(Following is the full transcript of the video found at the bottom.)
Hi, Georg Fasching here, helping you unlock your team’s genius.
In this episode in the neurodiversity series, I am going to cover autism, including all the different types of autism, different characteristics of autism, also signs of autism in adults, and of course, all the strengths that autistic people have to offer as well as areas where they might require some support.
And last but not least, we’re also going to cover some of the roles that people with autism could cover in a team.
Now first and foremost, it is very worth pointing out that autism is considered a spectrum condition, or as it is clinically referred to, a spectrum disorder. When we’re talking about spectrum conditions, we are looking at a spectrum that goes from one point to another point. However, in autism, it is not so simple, which is absolutely fascinating.
So in this particular neurotype, we need to consider that there is a multiple dimensional spectrum that is going on, so it’s not only one linear progression from how autistic is this person, from not autistic at all to completely autistic. There is no such classification. It just simply does not work like that.
But over to considering all the different aspects of autism, and in this particular one individual that is in front of us, what is the constellation of all of those different aspects and therefore what is the shape of this multidimensional spectrum of this one person with autism.
So in the literature around this subject, there is also the notion around how functioning a person is. Clinically, that is still being followed, but in the support communities, it is not necessarily a classification that is appreciated all too much.
But just leveraging it here in order to tell you a little bit more about it, there is a lower end of functioning in terms of autism and a higher-functioning end of autism in the literature. And there is also a correlation between intellectual and language development.
So when we’re looking at what is considered in the clinical literature, in particular, less functioning or low-functioning autism would be less intellectual development and less language development on this side of this particular map, which is categorized as a two by two, where people with less IQ development and less language development are considered low functioning. And that used to be, and to this day in certain aspects and circles, is still also considered “classic autism”, all the way over to what is considered high-functioning autism with extremely good, well above the norm language development and also above-average IQ on the high-functioning end of autism.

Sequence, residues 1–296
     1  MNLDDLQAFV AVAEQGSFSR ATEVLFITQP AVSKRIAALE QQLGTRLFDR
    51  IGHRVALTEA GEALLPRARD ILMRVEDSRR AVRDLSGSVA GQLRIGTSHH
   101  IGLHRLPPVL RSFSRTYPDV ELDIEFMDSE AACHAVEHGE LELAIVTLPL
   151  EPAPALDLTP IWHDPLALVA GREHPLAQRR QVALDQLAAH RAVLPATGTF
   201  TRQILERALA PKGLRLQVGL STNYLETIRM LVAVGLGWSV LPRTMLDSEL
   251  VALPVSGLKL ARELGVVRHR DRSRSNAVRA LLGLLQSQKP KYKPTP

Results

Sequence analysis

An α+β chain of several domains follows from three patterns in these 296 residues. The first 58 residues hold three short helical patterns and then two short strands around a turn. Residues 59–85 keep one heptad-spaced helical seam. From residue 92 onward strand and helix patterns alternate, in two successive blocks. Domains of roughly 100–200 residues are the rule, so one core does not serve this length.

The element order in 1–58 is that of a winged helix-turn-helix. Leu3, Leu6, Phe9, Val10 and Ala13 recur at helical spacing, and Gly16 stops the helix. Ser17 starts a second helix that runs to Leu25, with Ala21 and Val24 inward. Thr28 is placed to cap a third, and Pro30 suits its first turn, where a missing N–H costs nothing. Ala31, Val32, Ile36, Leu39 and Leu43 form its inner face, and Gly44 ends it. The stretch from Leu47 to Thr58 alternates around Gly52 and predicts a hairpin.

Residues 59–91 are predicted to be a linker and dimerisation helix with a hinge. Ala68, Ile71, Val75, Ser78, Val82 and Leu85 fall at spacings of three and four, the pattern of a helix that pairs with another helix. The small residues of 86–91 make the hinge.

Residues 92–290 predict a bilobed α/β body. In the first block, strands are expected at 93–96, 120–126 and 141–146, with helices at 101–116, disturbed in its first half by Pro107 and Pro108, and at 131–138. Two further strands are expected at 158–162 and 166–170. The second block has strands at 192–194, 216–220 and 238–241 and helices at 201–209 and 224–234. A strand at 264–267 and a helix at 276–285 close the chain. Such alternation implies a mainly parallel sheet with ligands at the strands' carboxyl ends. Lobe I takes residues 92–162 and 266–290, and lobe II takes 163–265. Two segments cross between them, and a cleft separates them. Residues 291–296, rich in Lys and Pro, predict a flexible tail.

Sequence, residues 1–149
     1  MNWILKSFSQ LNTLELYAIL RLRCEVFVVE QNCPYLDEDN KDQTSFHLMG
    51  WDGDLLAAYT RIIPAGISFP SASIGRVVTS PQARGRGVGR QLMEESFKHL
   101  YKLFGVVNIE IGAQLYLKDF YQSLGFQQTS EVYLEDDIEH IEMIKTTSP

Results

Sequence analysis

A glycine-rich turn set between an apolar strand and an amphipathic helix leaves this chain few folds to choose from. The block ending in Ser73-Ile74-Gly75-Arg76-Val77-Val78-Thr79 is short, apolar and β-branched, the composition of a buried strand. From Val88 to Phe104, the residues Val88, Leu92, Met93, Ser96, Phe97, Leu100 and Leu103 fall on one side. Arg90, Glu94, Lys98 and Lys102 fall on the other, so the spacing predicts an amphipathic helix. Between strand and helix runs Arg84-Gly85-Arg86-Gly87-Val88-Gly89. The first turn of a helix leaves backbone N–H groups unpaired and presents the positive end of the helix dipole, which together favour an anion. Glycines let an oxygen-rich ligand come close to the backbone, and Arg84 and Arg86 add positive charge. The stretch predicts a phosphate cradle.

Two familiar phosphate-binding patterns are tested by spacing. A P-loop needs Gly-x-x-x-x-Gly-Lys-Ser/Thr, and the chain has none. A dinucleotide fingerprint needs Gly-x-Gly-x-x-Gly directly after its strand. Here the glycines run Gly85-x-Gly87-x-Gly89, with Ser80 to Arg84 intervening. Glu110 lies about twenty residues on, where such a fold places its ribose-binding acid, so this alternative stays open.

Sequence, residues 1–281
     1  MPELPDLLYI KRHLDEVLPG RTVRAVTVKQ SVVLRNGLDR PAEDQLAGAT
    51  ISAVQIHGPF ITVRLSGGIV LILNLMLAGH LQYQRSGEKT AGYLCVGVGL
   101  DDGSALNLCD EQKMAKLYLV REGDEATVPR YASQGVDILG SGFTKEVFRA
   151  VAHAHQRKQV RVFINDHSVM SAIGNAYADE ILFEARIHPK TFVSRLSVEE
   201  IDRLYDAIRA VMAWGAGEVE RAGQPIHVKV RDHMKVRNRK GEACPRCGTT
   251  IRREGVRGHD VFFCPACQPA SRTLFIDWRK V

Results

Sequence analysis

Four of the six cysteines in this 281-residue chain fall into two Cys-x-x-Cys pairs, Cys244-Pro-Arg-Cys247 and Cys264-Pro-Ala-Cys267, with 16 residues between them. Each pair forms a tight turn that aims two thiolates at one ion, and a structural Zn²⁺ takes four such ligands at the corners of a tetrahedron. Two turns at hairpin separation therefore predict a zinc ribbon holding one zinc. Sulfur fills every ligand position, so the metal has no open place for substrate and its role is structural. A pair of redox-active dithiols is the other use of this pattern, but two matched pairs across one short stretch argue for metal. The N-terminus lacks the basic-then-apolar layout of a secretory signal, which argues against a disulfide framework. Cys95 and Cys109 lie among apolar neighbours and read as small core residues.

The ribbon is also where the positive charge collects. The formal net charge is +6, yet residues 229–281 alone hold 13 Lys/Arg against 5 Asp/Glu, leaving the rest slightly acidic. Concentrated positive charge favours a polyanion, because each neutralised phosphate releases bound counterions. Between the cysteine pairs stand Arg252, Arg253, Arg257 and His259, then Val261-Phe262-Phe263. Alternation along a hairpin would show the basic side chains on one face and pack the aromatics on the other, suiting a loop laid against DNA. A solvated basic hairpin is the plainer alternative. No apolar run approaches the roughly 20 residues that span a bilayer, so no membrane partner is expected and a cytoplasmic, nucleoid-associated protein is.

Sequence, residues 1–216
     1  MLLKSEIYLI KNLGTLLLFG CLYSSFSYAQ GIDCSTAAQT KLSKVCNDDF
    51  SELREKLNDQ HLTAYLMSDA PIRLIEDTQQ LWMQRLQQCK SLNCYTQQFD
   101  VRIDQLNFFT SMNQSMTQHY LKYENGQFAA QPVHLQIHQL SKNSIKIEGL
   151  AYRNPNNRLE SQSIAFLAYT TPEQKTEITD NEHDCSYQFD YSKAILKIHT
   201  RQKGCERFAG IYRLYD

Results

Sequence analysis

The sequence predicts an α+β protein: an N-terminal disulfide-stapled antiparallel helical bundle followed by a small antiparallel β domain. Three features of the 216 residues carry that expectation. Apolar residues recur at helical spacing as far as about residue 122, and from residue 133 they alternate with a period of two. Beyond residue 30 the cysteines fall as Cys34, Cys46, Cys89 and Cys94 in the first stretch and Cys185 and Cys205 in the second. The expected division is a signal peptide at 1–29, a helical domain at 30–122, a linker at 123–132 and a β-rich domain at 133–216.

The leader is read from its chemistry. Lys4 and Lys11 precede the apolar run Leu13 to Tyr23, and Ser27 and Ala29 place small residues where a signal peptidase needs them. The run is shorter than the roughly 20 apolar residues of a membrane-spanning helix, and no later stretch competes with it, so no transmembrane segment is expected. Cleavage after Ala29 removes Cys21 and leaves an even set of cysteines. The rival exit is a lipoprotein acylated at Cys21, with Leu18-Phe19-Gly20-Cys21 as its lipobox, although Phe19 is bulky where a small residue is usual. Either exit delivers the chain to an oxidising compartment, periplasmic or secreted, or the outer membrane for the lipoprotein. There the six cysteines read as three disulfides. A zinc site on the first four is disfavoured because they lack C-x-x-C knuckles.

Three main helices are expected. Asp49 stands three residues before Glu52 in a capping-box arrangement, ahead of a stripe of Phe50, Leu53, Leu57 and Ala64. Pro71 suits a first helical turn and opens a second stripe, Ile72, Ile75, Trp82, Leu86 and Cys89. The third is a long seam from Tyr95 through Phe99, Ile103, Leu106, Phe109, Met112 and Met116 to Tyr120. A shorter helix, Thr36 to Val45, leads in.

Now once again, this is just one way of trying to make sense of this fascinating neurotype and is only covering again two, maybe three different spectra out of so many more.And I’d like to share more with you here in order for you to get an appreciation of how complex this fascinating neurotype truly is.
So we covered some of those spectra already, but in order to really convey the essence of autism, is is very useful to think about the three Ss, as I’ve come to describe them.
So the three Ss, in brief summary before I go into each of them in a bit more detail, is sensory, social, and sense-making.
So sensory describes all the senses that we as humans possess, and when it comes to autism, every person with autism, for each of the different senses, can have either a hyposensitivity or a hypersensitivity, so either overly sensitive to something or a lot less sensitive than what is considered the norm for a particular sense.
So we have auditory, the sense of hearing, and this applies to a larger proportion of the population with autism are hypersensitive, are more sensitive to loud noises and noisy environments than the average population or the neurotypical people might be.
The other one, the visual sense, it is also a bit more widely established that people with autism have a visual hypersensitivity, especially photophobia, where blinding lights or very bright lights can feel painful to people with autism is also there, but also specific patterns can be more irritating than what for a neurotypical person might be very easy to process. And again, this is very different from individual to individual.
The haptic sense, the sense of touch, is a very interesting one to consider, as well, where people can either be hyper or hyposensitive to touch. Some people with autism find it unbearable to receive a light touch but find it very comforting to feel a very firm touch. So some people with autism are seekers of that firm touch sensation, as well, so there are also weighted blankets to help create that sensation of a firm touch around it, for example, to fill that requirement for stimulus of the haptic sense.
Then the olfactory sense, the sense of smell, is also worth looking at, where certain smells, sometimes very specific smells, are being perceived a lot stronger than what a person without that particular expression might perceive, and it is not a general sensitivity, necessarily.
It could really be to very, very specific scents. So for example, a certain perfume or cologne that somebody else is wearing, the person next to you without that sensitivity may not even notice that somebody is walking past with that particular scent or perfume, but a person with autism with that sensory sensitivity can barely breathe by smelling this other one, so it’s also worth considering.
Then we have the gustatory sense [sic: sense of taste], where again, it could be hyper or hyposensitive. For example, some really seek spicy or hot food, while others prefer completely bland food and really find comfort in that. So those are sort of the five key senses.